Become a Volunteer

The Five Towns Early Learning Center offers volunteer opportunities for members of the community. Volunteers from NCJW, Peninsula Section are an integral part of our program, coming weekly to work with the children. High-school students and those who need community service, can find volunteer opportunities here. If you enjoy being with young children, are interested in reading stories to children or would like to share your talents with us, please call the Center at 239-4660. Our volunteers find that what they get out of the experience for exceeds what they give.

How To Donate

Your generosity has a direct impact on the lives of young children. The Five Towns Early Learning Center is a not-for-profit (501c3) organization which depends on support from foundations, government agencies and individuals to fulfill its mission. Your donation is tax deductible in accordance with the rules and regulations of the Internal Revenue Service.

Five Towns Early Learning Center
112 Wahl Avenue
Inwood, NY 11096
Tel: (516) 239-4660
Fax: (516) 239-4910
Contact Us Form

The Three-Year-Old Class

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The three-year-old child is starting to realize that the world does not revolve around him. Children of this age are discovering a new sense of self. Along with this discovery comes an acute need to understand the rules that govern the world and their place in it.
  • Learns through play and exploring using all senses
  • Communicates in simple sentences, can initiate conversations and wants to talk about thing that interest him
  • Begins friendships
  • Can run, climb, and move with increased confidence
  • More independent but still needs adults for security as he explores and plays

We believe that the role of the teacher in the classroom is to be the facilitator and collaborator in the learning process. Learning takes place in the interaction between the child with teachers and other children in an environment that functions as a third teacher.

The classroom offers different centers where the children can work in developing and mastering particular skills while pursuing their own interests. Children plan and choose work area from planning board (High Scope). This decision involves complex thinking and includes the use of symbols, a cornerstone for reading and writing. Learning to make choices, to wait, and to take turns are important social skills necessary for success.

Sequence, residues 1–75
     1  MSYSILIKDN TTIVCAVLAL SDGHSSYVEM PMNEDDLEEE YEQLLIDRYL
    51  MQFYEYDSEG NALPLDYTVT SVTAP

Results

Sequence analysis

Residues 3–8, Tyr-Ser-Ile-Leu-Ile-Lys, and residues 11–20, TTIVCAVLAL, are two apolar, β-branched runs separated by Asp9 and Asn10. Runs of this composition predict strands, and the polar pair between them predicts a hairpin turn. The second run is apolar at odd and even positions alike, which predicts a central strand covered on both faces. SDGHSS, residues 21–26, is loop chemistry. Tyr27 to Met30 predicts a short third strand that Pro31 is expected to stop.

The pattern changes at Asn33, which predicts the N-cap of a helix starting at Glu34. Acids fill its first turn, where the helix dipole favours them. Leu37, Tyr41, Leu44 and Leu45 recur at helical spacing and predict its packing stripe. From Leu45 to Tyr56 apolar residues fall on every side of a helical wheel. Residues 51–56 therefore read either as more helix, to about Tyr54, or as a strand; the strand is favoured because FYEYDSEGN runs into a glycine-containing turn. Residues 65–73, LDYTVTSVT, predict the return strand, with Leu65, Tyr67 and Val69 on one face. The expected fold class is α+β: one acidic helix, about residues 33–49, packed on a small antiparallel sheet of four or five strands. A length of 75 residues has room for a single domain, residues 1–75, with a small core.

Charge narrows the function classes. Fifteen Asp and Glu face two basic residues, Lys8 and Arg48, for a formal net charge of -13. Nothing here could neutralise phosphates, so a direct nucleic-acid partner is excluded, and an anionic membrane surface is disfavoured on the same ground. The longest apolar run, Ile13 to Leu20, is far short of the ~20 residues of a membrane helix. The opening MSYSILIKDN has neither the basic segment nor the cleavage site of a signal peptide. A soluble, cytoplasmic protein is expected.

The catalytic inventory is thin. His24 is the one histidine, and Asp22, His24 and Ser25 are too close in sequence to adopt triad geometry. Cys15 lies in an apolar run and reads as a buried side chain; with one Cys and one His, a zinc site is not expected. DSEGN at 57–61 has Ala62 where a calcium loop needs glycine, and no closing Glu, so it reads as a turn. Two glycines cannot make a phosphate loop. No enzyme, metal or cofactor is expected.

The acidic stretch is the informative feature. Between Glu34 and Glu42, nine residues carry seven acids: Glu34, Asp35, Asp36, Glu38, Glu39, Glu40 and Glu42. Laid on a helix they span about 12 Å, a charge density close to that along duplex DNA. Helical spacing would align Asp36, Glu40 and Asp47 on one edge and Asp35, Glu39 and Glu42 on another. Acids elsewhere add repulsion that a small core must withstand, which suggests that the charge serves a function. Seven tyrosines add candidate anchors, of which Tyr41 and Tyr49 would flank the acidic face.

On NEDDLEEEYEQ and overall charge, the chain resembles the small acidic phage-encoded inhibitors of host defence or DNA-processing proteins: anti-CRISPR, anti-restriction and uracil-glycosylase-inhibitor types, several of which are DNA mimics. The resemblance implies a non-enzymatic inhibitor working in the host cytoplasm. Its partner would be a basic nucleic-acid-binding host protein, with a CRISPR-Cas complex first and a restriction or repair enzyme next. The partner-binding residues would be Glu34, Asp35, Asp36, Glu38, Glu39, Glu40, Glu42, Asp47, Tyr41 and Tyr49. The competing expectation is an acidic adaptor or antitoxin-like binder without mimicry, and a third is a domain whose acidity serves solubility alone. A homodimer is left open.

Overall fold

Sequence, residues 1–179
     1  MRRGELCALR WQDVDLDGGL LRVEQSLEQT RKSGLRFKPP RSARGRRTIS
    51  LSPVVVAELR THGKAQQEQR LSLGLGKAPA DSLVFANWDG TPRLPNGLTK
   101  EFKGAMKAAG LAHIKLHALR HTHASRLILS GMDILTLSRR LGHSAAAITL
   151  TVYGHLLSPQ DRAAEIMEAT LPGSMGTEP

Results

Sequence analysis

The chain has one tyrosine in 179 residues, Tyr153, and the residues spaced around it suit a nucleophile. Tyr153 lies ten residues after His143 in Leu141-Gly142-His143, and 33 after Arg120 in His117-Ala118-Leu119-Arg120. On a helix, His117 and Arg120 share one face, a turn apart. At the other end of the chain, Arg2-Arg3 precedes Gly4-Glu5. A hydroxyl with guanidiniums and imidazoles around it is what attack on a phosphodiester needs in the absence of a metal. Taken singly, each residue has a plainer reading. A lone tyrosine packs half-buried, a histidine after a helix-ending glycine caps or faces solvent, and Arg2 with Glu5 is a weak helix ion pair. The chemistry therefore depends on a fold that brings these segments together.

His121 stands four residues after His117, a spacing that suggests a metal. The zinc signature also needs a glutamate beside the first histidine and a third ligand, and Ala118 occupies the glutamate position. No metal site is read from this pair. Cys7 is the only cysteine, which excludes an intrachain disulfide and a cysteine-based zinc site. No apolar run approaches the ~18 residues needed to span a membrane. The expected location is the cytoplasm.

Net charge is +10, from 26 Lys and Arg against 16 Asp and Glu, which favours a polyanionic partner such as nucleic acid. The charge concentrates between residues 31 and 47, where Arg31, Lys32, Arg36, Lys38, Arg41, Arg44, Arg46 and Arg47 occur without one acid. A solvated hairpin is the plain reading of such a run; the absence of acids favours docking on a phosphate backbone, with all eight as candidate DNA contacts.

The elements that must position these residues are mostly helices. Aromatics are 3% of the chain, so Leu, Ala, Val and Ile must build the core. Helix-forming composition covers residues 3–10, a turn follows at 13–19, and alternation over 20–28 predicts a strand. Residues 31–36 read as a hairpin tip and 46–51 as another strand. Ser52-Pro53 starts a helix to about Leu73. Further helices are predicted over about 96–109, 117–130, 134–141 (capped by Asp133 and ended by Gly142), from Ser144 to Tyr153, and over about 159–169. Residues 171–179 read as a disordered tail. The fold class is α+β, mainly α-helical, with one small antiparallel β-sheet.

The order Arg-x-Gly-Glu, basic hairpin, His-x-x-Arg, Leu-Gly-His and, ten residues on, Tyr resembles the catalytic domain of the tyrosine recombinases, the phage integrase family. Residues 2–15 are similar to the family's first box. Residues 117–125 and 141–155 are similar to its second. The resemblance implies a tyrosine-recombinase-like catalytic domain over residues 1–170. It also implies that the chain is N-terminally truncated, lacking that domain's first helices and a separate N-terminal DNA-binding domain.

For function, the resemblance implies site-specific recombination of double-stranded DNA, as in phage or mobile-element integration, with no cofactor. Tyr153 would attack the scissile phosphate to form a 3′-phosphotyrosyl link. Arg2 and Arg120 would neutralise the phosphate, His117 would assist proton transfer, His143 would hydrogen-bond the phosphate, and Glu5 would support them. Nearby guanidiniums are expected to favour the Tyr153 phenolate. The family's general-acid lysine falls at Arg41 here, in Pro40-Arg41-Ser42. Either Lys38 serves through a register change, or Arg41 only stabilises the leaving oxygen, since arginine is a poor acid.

Water and sand tables.

Volume, quantity, and weight, or the behavior of substances and matter are learned through direct experience.

Table toys.

Puzzles, interlocking toys, matching games, legos, pegs and boards develop fine motor skills and hand-eye coordination. They help develop logical mathematical reasoning and at the same time provide multiple opportunities for social interaction and problem solving.

Art table

The child can experience the aesthetic pleasure of painting, drawing, modeling with clay, playdough or by creating a collage.

Block area

The child learns to think creatively, to recognize cause and effect sequences. He learns about structures, balance, size, shapes and the concepts of spatial relations. This will provide a foundation for the understanding of abstract Math.
Blocks provide the opportunity for cooperative work, scaffolding, and problem solving and conflict resolution.

Family center

Pretend and Dramatic Play is probably the most important activity in which the three year old engages. The child can here experiment with roles. Pretend play involves many areas of the brain. It requires the ability to transform objects and actions symbolically, role taking, promotes language competence and helps in the development of a sense of self in relation to others. By taking the role of another person or animal the child learns about the world.


Reading occupies a special place in our program and takes place throughout the day in small and large groups. Reading and listening to stories and poems opens the imagination, bringing a sense of wonder, often touching upon issues that are important on an intellectual or emotional level, promotes language development and helps create lifelong readers.

GOALS for Three-year children

  • Basis of literacy (understanding use of symbols)
  • Language skills ( vocabulary and rules of grammar)
  • Foundations of Math and Science (Patterns, Seriation, one to one correspondence)
  • Learn to solve problems and tolerate failure.
  • Learn to get along with others.
  • Develop emotional well-being.
  • Master their environment.
  • Sharing, waiting, taking turns.
  • Self-sufficiency and independence.
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